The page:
INDIANAPOLIS — At Marian University, students are getting ready for a new school year.

“I think it’s just like a lot going on, but I’m sure that it’s going to be very fun and a lot to learn as well,” said freshman Niky Quezada.

Quezada spoke with FOX59 in between her classes Monday morning. She’s a student-athlete on a full-ride scholarship playing soccer and studying engineering.

Quezada is one of 750 new students enrolled in the university’s undergraduate programs. She’s also part of Marian’s first-ever class for the E.S. Witchger School of Engineering, which consists of 42 students, 21% of them being women.

Across all of its locations, Marian officials project a near double-digit percent increase in undergraduate enrollment for Fall 2022.

“In the last six years, enrollment in Indiana and the Midwest has gone down in higher ed significantly,” said Marian University President Daniel J. Elsener. “Our enrollment’s advanced 25 percent.”

Elsener credits some of the university’s growing enrollment to the support within and outside the campus and continuous efforts to address workforce needs in the state.

For Marian’s new school of engineering, Elsener said it’s an $81 million project equipped with the resources to produce qualified talent along with helping fill gender and diversity gaps within the industry.

“We’re building a beautiful building, hiring faculty from all over the country, to put in a full-scale engineering program, including a graduate program,” he said. “When you respond to needs, the people come so to speak, the resources are flowing in.”

The addition comes as Marian also launches a new 4-year nursing degree program at the Ancilla campus in Plymouth, Indiana. The goal is to help provide opportunities to help aid the nursing shortage in the northern Indiana market.

“I think it’s some of the most remarkable, quiet work that’s going on these days and it began a few years ago by the college and universities broadly to say what does the market need today? What does it need tomorrow?” said Commissioner Chris Lowery, Indiana Commission for Higher Education. “Really coming down to supply and demand, can individuals go to college or university and land a job today but also with the promise of tomorrow, and are the institutions paying attention to that.”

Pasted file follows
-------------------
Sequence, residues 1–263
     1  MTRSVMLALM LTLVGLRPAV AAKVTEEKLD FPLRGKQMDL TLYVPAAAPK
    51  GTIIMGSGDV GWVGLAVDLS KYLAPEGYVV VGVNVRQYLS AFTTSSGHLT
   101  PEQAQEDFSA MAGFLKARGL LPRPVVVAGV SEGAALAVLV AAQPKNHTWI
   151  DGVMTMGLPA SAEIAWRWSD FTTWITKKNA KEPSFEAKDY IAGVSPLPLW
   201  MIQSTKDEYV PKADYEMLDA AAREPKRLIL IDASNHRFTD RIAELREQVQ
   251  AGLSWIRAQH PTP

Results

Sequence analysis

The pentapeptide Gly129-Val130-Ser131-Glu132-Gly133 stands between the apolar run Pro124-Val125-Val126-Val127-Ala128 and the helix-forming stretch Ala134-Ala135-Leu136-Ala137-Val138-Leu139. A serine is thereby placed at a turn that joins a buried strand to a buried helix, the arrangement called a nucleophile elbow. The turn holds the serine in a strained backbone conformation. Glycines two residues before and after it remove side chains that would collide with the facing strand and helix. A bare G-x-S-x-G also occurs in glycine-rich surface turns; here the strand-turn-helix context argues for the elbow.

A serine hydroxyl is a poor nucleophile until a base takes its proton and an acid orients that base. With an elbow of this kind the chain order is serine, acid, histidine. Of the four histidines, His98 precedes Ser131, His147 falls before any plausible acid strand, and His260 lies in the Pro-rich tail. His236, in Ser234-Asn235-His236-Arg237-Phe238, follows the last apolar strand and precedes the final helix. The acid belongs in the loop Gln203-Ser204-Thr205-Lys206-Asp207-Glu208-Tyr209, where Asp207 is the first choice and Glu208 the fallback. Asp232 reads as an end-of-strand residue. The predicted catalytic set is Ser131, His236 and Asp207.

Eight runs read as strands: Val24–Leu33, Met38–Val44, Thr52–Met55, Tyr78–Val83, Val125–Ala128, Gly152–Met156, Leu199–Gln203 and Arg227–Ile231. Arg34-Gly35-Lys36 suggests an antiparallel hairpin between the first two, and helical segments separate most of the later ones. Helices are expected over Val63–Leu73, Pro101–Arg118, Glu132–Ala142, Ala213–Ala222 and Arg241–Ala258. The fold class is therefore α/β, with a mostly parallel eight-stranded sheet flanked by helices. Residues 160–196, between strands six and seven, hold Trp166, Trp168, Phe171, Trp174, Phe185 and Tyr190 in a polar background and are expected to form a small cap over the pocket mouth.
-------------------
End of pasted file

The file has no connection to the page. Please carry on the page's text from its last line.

In its most recent report, the Indiana Commission for Higher Education noted the state’s college-going rate dropped 6 points in one year. While it was exacerbated by the pandemic, Lowery said it’s an issue that’s been impacting the state and the rest of the country for some time, and institutions are making a conscious effort to change that.

“They’re focusing their message around affordability, quality, career relevance, helping students who might question the value of higher education,” Lowery said. “I think everyone in higher ed has realized those are the key areas where students have questions or prospective students have questions.”

Working alongside its education partners, Lowery said they’re helping to market the affordability of Indiana’s colleges and universities, which is a big factor in many deciding whether or not to pursue higher education.

“Indiana’s universities and colleges, or public institutions, have held the line on tuition increases better than almost any state in the country in the last 10 years,” he said, “also, a lot of folks in Indiana don’t realize that Indiana has a wonderful portfolio of need-based financial aid.”

Lowery said making a harder push to debunk some of the myths about post-secondary education could help produce better outcomes.

“Unemployment rates are not only low in Indiana, they’re exceedingly low at the bachelor’s degree and higher,” he said. “For individuals with a bachelor’s degree and higher, it’s less than 1 percent unemployment. I mean, it’s almost non-existent, and yet it’s five times higher for folks with a high school diploma only. So you start to see that for the individual, it’s important. For the employer, it’s important, and certainly for the fabric of the community.”

For Quezada, she’s looking forward to being a trailblazer in the world of STEM and making a mark for women in the industry.

“What we’re looking for is to empower women and having that opportunity, for me, is a blessing,” she said.

FOX59 also reached out to Butler University, who also gave projections of increased enrollment with more than 1,200 first-year students, which is a more than 6% boost compared to last year. University officials also noted this incoming class as the third largest in school history and one of its most ethnically diverse classes.

To increase enrollment, Butler said it’s strategically targeting marketing in areas of the country where high school graduation rates are increasing. So far, university officials report seeing success with that approach as more than half of its students are from out-of-state and 47% are from Indiana.